As he did so, a shot rang out, and a ball sped close to his head.
The room was so dense with suffocating powder smoke that he could not see across it, but he had seen the dull-red flash from the muzzle of a revolver and shot in that direction.
“I’m done,” he heard, followed by a deep groan.
“Get me out of here,” said a man, trying to struggle to his feet, and Ted hurried to his side. It was one of the detectives, and Ted helped him to his feet and supported him to the hall.
“Let me down. I’ve got mine. Go in and help Dunnigan,” said the wounded man. There was a spot, red and ever widening, on his breast.
Ted laid him on the floor and reentered the room. Another shot came in his direction, and missed, although he could feel the wind of it as it passed close to his head, and he returned it with two shots, and there was silence.
The smoke had by this time cleared away somewhat, and Ted saw five men lying prone in the room.
One of the detectives lay on his face across the bed, and Ted tried to raise him up, but he was a dead weight. Ted finally got him turned over on his back, and then he saw that the detective was dead.
Kneeling on the floor with his head in his arms, which were thrown across a chair, was the third detective. He was breathing hard, and every time he moved the blood gushed from his mouth. He had been shot through the stomach.
But on the other side of the bed lay three men, apparently all of them dead.
While he was observing this there was a commotion in the hall, and a policeman rushed in, followed by a large man who wore an authoritative air.
“Oh, this is too bad; this is too bad,” he kept repeating, as he went from man to man. It was Chief of Detectives Desmond. Turning to the policeman, he said:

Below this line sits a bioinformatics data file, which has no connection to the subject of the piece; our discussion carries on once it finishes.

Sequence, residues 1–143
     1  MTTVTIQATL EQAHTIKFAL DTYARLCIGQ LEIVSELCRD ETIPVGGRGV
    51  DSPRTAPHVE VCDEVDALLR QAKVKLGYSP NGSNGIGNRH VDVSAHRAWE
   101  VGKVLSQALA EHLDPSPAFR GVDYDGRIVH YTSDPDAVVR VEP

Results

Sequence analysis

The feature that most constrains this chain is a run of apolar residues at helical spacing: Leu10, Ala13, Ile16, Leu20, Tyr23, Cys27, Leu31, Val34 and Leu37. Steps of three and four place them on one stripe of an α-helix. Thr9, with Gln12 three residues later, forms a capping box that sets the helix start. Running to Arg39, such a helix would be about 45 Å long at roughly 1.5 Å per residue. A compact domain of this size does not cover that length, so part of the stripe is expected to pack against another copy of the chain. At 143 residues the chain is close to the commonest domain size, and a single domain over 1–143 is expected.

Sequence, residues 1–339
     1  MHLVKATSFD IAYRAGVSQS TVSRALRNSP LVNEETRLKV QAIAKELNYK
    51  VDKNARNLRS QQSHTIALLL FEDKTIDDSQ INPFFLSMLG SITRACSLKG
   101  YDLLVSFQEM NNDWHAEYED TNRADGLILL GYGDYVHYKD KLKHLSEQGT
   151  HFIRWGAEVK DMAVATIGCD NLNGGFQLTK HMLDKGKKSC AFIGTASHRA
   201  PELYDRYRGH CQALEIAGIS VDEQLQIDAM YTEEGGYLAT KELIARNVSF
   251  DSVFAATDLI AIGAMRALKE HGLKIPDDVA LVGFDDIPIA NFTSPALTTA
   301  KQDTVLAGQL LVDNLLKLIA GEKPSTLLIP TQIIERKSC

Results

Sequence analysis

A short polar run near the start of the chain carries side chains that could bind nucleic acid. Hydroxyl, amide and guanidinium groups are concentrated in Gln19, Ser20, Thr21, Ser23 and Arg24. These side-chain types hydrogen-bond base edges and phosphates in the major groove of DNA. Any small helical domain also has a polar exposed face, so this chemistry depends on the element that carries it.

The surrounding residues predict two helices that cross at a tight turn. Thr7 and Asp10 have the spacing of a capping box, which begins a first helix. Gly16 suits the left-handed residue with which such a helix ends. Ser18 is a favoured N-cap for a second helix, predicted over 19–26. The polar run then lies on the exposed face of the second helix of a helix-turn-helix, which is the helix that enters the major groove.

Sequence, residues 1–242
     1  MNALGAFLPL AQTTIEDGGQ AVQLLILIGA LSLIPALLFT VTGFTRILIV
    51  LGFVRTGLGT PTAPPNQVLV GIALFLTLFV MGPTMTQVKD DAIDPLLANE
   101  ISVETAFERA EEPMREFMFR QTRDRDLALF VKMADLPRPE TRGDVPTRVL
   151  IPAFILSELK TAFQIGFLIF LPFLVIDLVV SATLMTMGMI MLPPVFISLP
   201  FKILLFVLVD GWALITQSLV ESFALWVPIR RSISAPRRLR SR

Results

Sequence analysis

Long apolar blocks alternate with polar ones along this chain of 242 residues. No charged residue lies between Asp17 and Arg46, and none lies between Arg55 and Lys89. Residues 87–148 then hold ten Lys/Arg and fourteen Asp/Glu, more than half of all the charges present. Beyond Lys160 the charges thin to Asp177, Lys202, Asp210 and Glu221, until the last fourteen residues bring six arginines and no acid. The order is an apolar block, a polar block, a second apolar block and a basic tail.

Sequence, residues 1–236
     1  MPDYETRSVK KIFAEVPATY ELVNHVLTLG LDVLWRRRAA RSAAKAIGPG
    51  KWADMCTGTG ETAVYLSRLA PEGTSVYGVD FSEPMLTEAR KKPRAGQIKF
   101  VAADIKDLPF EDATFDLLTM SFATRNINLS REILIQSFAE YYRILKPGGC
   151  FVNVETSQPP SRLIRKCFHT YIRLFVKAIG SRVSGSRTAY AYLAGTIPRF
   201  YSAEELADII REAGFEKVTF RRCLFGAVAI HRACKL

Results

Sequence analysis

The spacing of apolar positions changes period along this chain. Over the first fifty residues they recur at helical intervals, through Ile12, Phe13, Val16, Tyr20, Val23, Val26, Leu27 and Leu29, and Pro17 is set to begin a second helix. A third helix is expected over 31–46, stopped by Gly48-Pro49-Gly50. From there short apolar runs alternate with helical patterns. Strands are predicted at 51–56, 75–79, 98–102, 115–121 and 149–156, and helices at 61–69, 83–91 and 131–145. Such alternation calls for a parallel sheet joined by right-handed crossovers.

“They’ve killed the boys, but the boys got the whole gang except two, ‘Checkers’ out there, and a man in the red automobile.”
The man in the yellow car.
A patrol wagon full of policemen had dashed up in front of the house, and they came running down the hall, followed by a horde of eager reporters, who stood aghast at the slaughter of a few minutes.
The only participant in the fight who could talk was the detective whom Ted had carried to the hall, and he was telling the chief of detectives in whispers what had occurred.
“That young fellow followed us in,” he said, pointing to Ted. “He took me out, and then went in and finished the gang. He’s a game one, he is. I don’t know who he is, but, by Jove! he’s a game un.”
“Who were the gang?” asked the chief.
“‘Big Bill’ Minnis, ‘Bull’ Dorgan, and ‘Feathers’ Lavin,” was the reply. “Checkers we caught on the corner, and the other member of the gang, Dude Wilcox, got away. I guess it was him that rode off with the swag in the automobile, but where he went we couldn’t get.”